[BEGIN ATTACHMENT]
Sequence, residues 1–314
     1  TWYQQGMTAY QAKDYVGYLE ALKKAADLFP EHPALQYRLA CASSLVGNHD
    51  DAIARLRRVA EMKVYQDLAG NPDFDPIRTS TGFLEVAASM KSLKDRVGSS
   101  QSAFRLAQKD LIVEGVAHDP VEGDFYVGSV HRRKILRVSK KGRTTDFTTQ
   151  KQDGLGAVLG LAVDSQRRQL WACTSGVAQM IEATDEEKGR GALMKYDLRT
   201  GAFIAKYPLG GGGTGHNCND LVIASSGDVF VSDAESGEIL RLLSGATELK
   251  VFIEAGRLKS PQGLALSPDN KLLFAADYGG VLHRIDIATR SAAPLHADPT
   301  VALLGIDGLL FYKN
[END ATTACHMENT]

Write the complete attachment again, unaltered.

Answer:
Sequence, residues 1–314
     1  TWYQQGMTAY QAKDYVGYLE ALKKAADLFP EHPALQYRLA CASSLVGNHD
    51  DAIARLRRVA EMKVYQDLAG NPDFDPIRTS TGFLEVAASM KSLKDRVGSS
   101  QSAFRLAQKD LIVEGVAHDP VEGDFYVGSV HRRKILRVSK KGRTTDFTTQ
   151  KQDGLGAVLG LAVDSQRRQL WACTSGVAQM IEATDEEKGR GALMKYDLRT
   201  GAFIAKYPLG GGGTGHNCND LVIASSGDVF VSDAESGEIL RLLSGATELK
   251  VFIEAGRLKS PQGLALSPDN KLLFAADYGG VLHRIDIATR SAAPLHADPT
   301  VALLGIDGLL FYKN